Longevity

Longevity Briefs: The Molecules Underpinning The Health Benefits Of Exercise

Posted on 14 June 2022

Longevity briefs provides a short summary of novel research in biology, medicine, or biotechnology that caught the attention of our researchers in Oxford, due to its potential to improve our health, wellbeing, and longevity.

Why is this research important: We know that exercise is highly beneficial for health and longevity. In fact, in our list of 10 Easy Practices To Improve Health And Longevity, we ranked aerobic exercise and strength training as the two most effective ways to reduce your risk of death from all causes. The act of physical exertion benefits tissues throughout the whole body, but our picture of how this works is still incomplete. If we could understand the mechanisms of exercise better, we might be able to harness or mimic them to further improve health and longevity.

What did the researchers do: In this paper, researchers review what we know about how contracting muscle tissue communicates with distant tissues to bring about the changes that come with exercise training. Specifically, they discuss how reactive oxygen species (ROS) – chemicals formed from oxygen that can damage other molecules – are hypothesised to be necessary for these changes.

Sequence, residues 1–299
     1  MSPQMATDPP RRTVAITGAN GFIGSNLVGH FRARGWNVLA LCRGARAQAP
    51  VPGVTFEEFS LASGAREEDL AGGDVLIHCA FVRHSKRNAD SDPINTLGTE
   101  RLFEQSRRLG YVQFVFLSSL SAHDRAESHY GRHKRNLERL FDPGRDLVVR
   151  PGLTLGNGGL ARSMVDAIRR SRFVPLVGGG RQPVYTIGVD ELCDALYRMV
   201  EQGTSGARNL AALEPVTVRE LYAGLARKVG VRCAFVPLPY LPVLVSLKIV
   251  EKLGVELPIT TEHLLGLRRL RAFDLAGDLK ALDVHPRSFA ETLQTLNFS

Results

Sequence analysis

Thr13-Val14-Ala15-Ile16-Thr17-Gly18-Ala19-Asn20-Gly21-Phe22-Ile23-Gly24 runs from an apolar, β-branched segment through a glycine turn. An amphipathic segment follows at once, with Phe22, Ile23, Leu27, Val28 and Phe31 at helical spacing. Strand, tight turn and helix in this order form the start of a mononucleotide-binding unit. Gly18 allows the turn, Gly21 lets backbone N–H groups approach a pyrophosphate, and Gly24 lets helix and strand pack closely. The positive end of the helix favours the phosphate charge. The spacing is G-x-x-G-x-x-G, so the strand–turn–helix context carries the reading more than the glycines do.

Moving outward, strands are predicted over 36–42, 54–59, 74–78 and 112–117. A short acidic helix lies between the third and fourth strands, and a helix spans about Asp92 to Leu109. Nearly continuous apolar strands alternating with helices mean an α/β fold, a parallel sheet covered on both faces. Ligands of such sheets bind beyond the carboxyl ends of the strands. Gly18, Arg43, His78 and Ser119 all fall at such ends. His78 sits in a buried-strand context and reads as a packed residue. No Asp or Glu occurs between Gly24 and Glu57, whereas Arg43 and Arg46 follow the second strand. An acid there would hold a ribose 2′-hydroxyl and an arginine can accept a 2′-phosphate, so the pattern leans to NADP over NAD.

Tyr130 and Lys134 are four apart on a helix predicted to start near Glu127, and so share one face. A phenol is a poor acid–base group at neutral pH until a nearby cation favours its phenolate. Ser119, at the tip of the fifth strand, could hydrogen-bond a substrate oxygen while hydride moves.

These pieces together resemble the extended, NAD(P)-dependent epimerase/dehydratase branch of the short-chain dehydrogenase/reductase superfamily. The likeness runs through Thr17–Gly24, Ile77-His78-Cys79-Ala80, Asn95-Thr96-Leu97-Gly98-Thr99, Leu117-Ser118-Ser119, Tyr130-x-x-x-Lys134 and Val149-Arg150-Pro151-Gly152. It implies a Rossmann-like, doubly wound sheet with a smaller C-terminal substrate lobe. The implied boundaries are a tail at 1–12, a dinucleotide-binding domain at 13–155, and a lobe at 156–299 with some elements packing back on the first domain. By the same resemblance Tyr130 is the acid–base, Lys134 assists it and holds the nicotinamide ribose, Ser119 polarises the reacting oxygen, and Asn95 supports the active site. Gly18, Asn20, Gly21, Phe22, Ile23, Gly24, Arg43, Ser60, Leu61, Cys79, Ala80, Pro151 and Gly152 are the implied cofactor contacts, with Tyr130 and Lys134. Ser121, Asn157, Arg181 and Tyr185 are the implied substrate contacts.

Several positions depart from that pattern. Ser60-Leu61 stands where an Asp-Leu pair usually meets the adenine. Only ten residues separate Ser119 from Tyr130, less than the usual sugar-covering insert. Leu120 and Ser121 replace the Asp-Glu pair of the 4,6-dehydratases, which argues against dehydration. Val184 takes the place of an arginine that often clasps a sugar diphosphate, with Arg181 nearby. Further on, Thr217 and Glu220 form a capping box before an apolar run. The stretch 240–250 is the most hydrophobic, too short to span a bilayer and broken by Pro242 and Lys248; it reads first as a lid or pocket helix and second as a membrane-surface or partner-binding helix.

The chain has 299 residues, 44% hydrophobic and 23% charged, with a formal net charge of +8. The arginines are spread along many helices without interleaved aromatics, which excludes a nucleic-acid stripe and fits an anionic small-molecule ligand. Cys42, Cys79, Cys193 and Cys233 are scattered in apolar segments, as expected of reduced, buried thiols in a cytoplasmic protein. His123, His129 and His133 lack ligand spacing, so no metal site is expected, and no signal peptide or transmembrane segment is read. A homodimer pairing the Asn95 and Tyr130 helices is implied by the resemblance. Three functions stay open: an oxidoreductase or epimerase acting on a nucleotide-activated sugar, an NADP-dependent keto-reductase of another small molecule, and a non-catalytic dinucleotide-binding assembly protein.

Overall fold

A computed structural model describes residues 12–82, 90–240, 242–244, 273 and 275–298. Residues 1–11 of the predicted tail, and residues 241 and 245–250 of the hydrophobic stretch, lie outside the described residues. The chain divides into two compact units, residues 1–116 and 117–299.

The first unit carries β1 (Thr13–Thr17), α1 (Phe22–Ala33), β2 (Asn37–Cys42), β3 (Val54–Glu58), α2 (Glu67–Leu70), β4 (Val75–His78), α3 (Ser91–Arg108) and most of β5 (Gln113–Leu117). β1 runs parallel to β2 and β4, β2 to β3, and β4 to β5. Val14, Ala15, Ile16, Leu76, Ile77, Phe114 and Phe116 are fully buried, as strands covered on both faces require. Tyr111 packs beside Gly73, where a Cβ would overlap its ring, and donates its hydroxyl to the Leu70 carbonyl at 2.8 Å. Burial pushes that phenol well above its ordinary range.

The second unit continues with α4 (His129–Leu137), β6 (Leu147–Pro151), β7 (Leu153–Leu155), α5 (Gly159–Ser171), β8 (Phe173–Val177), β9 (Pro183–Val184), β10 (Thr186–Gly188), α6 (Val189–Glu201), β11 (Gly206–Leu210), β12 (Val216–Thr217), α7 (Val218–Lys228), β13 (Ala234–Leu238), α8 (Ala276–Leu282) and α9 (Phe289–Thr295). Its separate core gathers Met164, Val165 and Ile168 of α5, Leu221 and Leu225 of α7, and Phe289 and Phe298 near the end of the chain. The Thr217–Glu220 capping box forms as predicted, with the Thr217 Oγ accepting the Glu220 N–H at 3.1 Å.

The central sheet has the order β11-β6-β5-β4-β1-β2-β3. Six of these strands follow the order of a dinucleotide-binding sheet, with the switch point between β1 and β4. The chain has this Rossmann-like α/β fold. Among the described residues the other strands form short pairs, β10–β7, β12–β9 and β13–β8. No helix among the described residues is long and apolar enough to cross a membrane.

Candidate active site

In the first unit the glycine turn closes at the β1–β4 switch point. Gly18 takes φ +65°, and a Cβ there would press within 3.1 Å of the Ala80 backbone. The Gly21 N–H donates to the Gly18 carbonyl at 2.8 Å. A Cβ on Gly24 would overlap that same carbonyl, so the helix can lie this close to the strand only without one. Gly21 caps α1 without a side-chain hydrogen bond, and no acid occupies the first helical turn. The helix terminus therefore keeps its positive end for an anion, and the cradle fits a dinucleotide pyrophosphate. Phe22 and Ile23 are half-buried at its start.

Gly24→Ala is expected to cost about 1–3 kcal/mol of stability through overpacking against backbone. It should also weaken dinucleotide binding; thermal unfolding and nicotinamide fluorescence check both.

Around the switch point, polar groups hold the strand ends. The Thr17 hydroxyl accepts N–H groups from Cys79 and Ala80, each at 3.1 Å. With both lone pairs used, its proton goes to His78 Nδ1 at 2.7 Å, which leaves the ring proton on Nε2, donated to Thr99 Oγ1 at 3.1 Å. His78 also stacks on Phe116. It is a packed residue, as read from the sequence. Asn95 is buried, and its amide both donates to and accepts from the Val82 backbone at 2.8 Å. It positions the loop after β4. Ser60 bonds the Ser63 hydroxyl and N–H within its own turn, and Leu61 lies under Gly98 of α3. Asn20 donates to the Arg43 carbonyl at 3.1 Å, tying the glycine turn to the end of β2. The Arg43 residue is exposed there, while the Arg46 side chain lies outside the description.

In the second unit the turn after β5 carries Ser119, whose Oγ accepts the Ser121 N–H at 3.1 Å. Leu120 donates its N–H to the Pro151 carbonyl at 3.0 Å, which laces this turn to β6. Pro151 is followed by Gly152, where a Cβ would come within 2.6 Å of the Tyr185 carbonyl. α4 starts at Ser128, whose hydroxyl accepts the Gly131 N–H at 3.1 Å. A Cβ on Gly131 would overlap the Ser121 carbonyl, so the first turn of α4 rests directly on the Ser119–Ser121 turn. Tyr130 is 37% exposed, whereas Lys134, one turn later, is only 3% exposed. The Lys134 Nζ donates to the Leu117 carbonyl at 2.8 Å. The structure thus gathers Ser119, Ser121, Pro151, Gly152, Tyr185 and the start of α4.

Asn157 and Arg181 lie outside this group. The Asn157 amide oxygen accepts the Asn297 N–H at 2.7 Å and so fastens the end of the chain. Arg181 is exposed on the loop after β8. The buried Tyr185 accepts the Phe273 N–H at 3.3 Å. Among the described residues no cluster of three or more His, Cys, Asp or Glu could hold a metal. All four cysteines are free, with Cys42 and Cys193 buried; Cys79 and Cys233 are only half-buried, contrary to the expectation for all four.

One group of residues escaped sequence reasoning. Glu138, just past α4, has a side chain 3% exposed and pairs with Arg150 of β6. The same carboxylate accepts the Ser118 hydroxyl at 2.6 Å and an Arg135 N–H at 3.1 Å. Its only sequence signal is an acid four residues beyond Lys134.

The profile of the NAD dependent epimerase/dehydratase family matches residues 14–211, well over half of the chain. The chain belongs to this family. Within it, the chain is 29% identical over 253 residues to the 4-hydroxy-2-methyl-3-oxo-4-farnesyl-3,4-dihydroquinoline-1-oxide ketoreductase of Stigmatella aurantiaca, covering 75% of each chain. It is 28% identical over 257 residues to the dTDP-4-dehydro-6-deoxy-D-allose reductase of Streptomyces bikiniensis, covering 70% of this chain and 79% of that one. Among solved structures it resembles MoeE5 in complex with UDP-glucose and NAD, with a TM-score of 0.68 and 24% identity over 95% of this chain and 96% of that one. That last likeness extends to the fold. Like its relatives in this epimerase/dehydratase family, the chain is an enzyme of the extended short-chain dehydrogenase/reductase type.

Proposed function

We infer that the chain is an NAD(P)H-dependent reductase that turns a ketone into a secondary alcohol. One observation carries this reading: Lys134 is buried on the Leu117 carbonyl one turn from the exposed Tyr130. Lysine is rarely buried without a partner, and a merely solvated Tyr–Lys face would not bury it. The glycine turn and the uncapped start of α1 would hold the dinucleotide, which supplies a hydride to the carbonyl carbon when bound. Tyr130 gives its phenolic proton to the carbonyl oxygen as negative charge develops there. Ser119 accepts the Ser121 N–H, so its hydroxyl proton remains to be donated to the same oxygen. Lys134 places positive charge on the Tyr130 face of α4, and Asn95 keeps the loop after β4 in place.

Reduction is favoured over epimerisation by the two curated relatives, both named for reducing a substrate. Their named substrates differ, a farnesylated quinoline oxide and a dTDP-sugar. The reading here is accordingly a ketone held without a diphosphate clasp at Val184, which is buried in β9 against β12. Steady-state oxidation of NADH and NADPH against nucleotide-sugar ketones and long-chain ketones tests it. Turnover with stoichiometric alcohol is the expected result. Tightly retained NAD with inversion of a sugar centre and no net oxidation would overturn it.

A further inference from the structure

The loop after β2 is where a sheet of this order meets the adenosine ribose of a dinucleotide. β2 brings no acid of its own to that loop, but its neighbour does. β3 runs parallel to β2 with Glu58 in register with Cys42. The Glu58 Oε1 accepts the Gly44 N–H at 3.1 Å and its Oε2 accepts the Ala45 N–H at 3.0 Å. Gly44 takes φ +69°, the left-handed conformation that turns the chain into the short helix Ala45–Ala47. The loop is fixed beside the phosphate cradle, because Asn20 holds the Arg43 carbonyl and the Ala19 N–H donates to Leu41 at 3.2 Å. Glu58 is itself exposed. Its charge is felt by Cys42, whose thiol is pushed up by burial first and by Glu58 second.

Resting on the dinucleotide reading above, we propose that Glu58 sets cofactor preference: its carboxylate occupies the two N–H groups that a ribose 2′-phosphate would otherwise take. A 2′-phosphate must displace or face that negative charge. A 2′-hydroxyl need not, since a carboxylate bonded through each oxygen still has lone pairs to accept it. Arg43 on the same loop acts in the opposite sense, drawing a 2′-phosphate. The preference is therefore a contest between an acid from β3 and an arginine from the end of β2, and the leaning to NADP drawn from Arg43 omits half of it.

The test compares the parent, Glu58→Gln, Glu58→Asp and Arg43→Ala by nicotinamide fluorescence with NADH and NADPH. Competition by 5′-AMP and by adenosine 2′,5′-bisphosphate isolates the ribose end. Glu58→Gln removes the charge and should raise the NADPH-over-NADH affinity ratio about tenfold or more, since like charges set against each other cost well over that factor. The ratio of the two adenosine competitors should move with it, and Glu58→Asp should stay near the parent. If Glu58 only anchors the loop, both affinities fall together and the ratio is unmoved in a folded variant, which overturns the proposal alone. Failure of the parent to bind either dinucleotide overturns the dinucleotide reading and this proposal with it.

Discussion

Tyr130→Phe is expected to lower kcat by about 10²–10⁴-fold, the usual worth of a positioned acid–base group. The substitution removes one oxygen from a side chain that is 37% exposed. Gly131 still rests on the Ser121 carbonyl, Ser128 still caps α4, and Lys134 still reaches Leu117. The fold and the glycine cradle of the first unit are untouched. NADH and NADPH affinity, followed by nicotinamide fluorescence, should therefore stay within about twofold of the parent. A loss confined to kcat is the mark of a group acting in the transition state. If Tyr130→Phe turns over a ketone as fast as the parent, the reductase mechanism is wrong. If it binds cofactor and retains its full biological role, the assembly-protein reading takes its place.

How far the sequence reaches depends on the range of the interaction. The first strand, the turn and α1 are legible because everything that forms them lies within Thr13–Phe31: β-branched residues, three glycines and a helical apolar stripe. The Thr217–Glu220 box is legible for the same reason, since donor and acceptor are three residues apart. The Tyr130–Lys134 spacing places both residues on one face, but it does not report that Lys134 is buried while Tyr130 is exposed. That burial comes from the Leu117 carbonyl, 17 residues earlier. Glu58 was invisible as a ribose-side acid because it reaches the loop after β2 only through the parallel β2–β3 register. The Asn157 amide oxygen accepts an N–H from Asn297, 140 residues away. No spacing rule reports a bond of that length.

A summary of the protective effects of muscle contraction on other tissues.
Redox Signaling in Widespread Health Benefits of Exercise

Key takeaway(s) from this research: The authors describe the favoured model of how two ‘waves’ of reactive oxygen species are thought occur during and following exercise:

  • The first wave of ROS occurs in the contracting muscle as it consumes oxygen during exercise.
  • ROS trigger the production and release of proteins including a type of protein called a myokine. ROS also degrade lipids in a process called lipid peroxidation.
  • Contracting muscle releases metabolic by-products such as lactate (lactic acid) into the blood.
  • These metabolic by-products trigger a second wave of ROS in non-muscle tissues following exercise.
  • This second wave of ROS, combined with myokines and degraded lipids, lead to the activation of genes responsible for the health benefits associated with exercise (summarised in the figure above).

It’s also suspected that increased levels of hydrogen peroxide, one of the main ROS, attracts the immune cells that are involved in repairing damaged tissue.


References

Redox Signaling in Widespread Health Benefits of Exercise: http://dx.doi.org/10.1089/ars.2019.7949

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